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Opinion

Op-Ed: Islamic State’s latest video could have long and terrifying consequences

FILE - This file image made from video posted on a militant website Monday, April 29, 2019, purports
A video still purports to show the leader of the Islamic State group, Abu Bakr al-Baghdadi, being interviewed by his group’s Al-Furqan media outlet. The video was posted on a militant website on April 29.
(Associated Press)

Since the Islamic State lost its last piece of territory in Syria in late March, some military analysts have been proclaiming the ultimate defeat of the terrorist group. But with last week’s release of a video of Abu Bakr Baghdadi, ISIS showed that it’s still got some life left — literally.

By appearing on camera, the reclusive leader of the Islamic State put to rest any murmurings that he had been killed in the battle to crush ISIS’ so-called caliphate in Iraq and Syria. It was his first video appearance in almost five years, offering much-needed proof of life to the group’s surviving members and supporters, since many probably questioned whether their leader was dead or alive.

At a time when ISIS desperately needs a morale boost, the resurfacing of Baghdadi will almost certainly affect the group’s resurgence in a way that directly benefits the organization.

The video could also prove a boon to ISIS propaganda efforts as the group seeks to maximize its effect. Baghdadi’s mere appearance on camera could boost ISIS manpower, especially vis-a-vis its ongoing competition with Al Qaeda for new recruits, a struggle playing out in failed states and conflict zones throughout the world, but especially in certain hot spots in regions like North Africa and South Asia.

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Abu Bakr Baghdadi’s mere appearance on camera could boost ISIS manpower.

The video message also has implications for ISIS’ global reach. During his speech, Baghdadi accepted bayat, or a pledge of loyalty, from franchise groups in West Africa’s Burkina Faso and Mali. Africa is fertile ground for the expansion of the Islamic State, especially as fighters who survived the collapse of the caliphate seek new battlefields. Governments and militaries in sub-Saharan Africa lack the capabilities to track, monitor and surveil national borders in the same way that European countries can, making them more vulnerable to an influx of jihadists fleeing Iraq and Syria.

In the 18-minute video, Baghdadi also made a point to allude to the ISIS affiliate in Afghanistan, ISIS-Khorasan Province, which has gained significant momentum over the past several years while launching spectacular terrorist attacks against the Afghan government. Propaganda videos are a not-so-subtle way of recruiting new members, and Baghdadi went out of his way to lavish praise on ISIS fighters from France, Australia, Belgium and Chechnya, emphasizing the transnational nature of the organization.

A key theme in Baghdadi’s speech was the need for ISIS militants and supporters to continue fighting and to reinforce affiliate groups while expanding the organization’s overall footprint. From the caliphate’s earliest days, Baghdadi and other ISIS leaders were aware that the group would never be able to withstand the onslaught from Western and coalition military forces. Accordingly, Baghdadi has sought to lay the groundwork for a guerrilla insurgency in Iraq and Syria, hoarding resources, including weapons and money, while moving from conventional military operations to more asymmetric tactics, such as ambushes and hit-and-run attacks.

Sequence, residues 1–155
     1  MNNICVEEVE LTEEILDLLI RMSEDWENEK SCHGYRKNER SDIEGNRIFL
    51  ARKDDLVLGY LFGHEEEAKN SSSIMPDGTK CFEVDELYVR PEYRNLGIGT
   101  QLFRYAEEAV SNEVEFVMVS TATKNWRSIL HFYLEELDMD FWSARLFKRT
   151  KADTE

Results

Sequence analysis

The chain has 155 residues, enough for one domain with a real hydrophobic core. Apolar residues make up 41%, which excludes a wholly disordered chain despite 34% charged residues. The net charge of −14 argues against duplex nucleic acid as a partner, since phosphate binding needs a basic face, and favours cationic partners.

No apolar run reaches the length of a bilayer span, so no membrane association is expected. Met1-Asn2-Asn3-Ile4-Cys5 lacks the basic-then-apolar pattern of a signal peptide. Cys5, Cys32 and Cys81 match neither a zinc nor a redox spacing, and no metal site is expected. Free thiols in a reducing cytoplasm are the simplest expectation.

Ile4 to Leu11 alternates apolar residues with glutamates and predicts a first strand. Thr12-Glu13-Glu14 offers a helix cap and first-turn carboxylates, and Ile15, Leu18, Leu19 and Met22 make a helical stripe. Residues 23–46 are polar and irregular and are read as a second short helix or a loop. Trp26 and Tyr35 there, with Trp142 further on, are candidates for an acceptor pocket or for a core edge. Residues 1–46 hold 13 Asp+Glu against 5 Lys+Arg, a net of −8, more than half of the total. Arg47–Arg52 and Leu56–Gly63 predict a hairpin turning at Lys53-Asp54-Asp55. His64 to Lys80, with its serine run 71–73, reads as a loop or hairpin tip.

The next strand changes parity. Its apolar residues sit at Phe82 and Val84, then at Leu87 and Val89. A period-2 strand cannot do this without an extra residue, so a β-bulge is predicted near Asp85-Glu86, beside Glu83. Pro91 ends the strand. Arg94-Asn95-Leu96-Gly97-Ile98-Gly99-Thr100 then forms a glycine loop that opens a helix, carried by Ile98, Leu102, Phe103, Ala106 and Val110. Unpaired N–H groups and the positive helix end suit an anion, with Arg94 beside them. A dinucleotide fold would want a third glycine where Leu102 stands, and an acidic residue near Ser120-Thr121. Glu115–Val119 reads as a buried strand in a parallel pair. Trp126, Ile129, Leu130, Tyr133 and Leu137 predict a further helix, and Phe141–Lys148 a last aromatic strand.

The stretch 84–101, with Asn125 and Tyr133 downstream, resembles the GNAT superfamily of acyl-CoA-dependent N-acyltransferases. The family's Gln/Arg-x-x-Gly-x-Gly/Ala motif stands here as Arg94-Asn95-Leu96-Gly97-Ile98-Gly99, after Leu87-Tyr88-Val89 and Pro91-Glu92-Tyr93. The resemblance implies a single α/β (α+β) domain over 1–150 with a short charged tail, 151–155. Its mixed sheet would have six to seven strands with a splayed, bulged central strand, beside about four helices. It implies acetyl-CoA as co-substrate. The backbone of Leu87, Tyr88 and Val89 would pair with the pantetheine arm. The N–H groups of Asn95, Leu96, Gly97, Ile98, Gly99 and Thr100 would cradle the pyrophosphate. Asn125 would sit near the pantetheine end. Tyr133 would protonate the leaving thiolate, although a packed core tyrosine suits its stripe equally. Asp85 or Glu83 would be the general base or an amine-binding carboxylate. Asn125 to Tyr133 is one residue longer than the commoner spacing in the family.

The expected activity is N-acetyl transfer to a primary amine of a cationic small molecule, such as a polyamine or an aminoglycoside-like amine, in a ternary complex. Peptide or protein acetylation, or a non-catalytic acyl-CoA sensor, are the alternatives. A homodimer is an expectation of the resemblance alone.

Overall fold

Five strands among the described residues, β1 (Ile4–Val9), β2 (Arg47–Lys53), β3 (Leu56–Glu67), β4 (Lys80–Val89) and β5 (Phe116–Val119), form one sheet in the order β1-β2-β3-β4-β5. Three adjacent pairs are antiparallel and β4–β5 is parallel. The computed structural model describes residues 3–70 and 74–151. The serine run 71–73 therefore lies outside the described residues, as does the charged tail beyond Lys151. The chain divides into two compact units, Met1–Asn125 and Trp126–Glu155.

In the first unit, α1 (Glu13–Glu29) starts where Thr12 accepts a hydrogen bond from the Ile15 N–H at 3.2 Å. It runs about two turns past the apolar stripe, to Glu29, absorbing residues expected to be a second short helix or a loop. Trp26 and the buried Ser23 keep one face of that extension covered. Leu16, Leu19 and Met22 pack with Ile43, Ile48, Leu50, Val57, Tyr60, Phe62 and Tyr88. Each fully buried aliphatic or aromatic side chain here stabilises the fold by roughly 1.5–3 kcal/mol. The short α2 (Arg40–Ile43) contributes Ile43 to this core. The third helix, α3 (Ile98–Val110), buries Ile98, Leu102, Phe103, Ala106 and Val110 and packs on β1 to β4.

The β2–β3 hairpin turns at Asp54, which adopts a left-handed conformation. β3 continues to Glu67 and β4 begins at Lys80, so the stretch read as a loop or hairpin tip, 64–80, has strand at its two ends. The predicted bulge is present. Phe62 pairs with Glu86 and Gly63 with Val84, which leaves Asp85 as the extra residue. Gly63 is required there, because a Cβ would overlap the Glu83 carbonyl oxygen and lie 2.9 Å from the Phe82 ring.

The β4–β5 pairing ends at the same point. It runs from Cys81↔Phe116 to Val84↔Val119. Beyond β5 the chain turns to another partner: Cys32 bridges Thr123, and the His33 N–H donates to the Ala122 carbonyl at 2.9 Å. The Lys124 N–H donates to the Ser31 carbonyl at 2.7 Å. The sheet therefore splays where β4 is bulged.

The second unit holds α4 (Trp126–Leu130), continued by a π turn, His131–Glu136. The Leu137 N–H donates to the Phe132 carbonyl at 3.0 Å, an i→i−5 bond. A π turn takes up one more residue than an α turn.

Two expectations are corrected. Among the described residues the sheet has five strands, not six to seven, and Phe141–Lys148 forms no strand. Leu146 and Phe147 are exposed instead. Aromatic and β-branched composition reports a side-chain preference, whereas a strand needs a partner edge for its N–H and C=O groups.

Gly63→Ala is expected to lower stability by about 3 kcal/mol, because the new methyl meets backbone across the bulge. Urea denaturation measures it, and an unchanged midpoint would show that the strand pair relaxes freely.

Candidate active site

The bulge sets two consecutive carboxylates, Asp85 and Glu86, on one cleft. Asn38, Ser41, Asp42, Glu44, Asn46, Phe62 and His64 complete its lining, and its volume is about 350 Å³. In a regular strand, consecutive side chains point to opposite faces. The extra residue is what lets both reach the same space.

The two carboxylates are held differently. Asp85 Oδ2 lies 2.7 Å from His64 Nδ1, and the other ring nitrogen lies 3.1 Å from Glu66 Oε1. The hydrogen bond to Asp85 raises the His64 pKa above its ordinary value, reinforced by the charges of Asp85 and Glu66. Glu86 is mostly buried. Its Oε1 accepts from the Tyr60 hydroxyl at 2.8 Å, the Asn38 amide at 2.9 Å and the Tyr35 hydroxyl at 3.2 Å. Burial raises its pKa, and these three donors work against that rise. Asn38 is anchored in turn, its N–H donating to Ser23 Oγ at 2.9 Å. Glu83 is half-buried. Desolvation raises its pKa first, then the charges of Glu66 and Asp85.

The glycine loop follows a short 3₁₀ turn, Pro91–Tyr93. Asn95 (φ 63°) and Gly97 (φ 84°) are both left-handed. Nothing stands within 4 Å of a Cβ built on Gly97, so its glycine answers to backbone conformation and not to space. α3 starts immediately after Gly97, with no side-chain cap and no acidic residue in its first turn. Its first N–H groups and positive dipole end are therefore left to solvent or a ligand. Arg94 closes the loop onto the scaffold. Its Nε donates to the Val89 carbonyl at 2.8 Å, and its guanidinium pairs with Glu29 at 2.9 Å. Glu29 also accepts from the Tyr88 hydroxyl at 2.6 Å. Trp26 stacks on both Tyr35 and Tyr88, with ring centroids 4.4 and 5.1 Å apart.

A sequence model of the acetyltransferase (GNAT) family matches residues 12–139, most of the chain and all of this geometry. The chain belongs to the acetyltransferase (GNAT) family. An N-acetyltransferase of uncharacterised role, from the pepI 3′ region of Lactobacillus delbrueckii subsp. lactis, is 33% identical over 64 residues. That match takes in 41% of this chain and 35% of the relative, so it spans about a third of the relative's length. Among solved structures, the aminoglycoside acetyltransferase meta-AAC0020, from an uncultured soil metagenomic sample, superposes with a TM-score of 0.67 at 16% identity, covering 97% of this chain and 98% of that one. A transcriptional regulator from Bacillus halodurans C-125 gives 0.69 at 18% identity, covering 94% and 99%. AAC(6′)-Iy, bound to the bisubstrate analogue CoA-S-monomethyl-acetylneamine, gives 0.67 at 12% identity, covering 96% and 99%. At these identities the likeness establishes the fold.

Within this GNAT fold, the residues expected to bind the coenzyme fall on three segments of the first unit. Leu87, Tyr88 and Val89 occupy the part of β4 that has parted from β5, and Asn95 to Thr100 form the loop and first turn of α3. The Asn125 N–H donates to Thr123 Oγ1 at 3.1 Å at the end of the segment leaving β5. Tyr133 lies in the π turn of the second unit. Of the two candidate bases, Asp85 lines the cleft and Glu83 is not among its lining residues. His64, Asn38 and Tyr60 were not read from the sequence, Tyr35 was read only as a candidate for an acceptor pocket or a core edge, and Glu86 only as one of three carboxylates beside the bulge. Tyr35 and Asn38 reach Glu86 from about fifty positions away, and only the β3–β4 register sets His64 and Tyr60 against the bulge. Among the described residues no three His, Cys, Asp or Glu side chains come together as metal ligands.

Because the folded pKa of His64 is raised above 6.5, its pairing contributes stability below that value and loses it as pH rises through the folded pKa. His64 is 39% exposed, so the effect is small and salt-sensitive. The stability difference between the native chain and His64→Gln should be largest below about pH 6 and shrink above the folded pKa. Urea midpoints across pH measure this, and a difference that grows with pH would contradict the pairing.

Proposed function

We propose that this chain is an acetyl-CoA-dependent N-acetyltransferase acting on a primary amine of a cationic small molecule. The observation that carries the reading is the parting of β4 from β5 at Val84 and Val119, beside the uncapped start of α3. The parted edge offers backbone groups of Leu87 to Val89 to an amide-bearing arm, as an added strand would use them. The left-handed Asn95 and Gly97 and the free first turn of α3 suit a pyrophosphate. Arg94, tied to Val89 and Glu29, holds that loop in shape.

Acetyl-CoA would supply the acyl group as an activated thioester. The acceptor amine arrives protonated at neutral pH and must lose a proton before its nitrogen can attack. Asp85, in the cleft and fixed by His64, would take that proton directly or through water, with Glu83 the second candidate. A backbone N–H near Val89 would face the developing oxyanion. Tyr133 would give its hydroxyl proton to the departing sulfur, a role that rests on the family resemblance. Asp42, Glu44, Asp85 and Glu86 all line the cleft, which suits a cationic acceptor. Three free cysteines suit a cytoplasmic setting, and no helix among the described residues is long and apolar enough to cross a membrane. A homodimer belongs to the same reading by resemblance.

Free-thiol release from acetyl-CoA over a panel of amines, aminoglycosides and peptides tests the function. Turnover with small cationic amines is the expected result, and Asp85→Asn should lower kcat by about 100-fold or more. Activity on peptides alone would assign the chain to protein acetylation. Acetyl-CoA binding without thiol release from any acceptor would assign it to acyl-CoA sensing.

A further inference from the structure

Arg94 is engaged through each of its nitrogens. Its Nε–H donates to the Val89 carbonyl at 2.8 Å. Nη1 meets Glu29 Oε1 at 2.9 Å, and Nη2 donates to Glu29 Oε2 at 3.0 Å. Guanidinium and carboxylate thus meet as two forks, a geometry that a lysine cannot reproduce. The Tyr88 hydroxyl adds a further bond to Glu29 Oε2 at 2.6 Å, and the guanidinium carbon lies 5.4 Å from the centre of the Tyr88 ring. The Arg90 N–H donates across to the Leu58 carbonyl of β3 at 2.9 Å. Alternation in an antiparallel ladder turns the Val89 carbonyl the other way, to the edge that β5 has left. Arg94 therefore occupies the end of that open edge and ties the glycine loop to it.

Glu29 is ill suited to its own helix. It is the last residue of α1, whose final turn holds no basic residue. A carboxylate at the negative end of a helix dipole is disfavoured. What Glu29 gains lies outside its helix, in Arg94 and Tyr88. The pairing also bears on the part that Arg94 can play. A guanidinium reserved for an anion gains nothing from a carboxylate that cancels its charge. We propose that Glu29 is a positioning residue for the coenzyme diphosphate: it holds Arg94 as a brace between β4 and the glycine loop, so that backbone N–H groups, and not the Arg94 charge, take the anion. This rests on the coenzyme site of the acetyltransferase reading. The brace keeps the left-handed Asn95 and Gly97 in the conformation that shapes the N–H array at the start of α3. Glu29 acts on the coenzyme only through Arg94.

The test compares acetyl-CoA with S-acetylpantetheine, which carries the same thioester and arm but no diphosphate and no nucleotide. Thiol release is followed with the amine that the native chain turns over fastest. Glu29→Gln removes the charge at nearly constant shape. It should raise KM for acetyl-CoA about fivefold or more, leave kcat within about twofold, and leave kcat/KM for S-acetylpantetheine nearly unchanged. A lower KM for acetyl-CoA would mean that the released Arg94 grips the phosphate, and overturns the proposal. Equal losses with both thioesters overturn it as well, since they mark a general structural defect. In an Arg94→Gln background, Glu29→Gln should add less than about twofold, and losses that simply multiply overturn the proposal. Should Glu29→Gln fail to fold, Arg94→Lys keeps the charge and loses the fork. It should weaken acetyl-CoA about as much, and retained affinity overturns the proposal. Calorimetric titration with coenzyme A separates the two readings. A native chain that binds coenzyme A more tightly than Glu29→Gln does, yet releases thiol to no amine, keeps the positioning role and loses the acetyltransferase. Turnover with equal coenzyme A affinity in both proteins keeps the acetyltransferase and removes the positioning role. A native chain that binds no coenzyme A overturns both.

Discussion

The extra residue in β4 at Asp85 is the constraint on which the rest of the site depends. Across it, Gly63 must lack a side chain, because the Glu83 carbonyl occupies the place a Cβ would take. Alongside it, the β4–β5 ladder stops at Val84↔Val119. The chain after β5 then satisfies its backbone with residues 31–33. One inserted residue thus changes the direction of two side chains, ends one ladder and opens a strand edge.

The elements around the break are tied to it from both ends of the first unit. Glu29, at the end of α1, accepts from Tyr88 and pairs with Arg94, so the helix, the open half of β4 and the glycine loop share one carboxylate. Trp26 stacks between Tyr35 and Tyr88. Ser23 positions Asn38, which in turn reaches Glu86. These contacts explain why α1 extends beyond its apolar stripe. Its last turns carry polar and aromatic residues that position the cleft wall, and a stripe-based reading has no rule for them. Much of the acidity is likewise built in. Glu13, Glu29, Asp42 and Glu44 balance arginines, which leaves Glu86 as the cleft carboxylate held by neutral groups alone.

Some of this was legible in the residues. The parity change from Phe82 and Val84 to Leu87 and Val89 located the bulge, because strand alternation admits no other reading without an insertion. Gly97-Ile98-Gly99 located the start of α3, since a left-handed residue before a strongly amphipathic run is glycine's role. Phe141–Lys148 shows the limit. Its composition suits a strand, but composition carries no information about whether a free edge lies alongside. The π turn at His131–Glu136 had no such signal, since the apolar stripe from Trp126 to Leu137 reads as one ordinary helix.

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The Islamic State leader also referenced the Easter Sunday bombings that killed more than 250 in Sri Lanka and may prove to be a model for future ISIS plots. ISIS could partner with local and lesser-known jihadist groups to launch attacks in countries where sectarian tensions are high and security forces are weak, such as Sri Lanka. Authorities recently discovered that at least one of the suicide bombers in Sri Lanka was trained by ISIS in Syria. That is incredibly foreboding given the hundreds or thousands of foreign fighters who may be fleeing the region and attempting to head back to their home countries or who end up in third countries.

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The choice of Sri Lanka as the target of such a high-level terrorist attack is worrying on several levels. Since no high-profile jihadist groups were operating in Sri Lanka, few terrorism analysts or counterterrorism officials believed that the country was prone to jihadist violence — causing them to wonder what other countries ISIS might infiltrate.

Tens of thousands of foreign fighters from as many as 110 countries traveled to the Middle East to join ISIS. The contingent from Sri Lanka was relatively small, somewhere between 30 and 50, by most accounts. One concern is whether the attacks in Sri Lanka will serve as the opening wave of terrorism perpetrated by returning foreign fighters trained and deployed by ISIS, and who may be lying in wait to strike.

The most important message to take away from the Baghdadi video may be that the Islamic State does not need territory to survive and even thrive. By expanding throughout the world and continuing to fight while spreading its message, Baghdadi is attempting to persuade his followers that the loss of the caliphate is only a temporary setback — one that ISIS will ultimately overcome.

Colin P. Clarke is an adjunct senior political scientist at the nonprofit, nonpartisan Rand Corp. and a senior research fellow at the Soufan Center.


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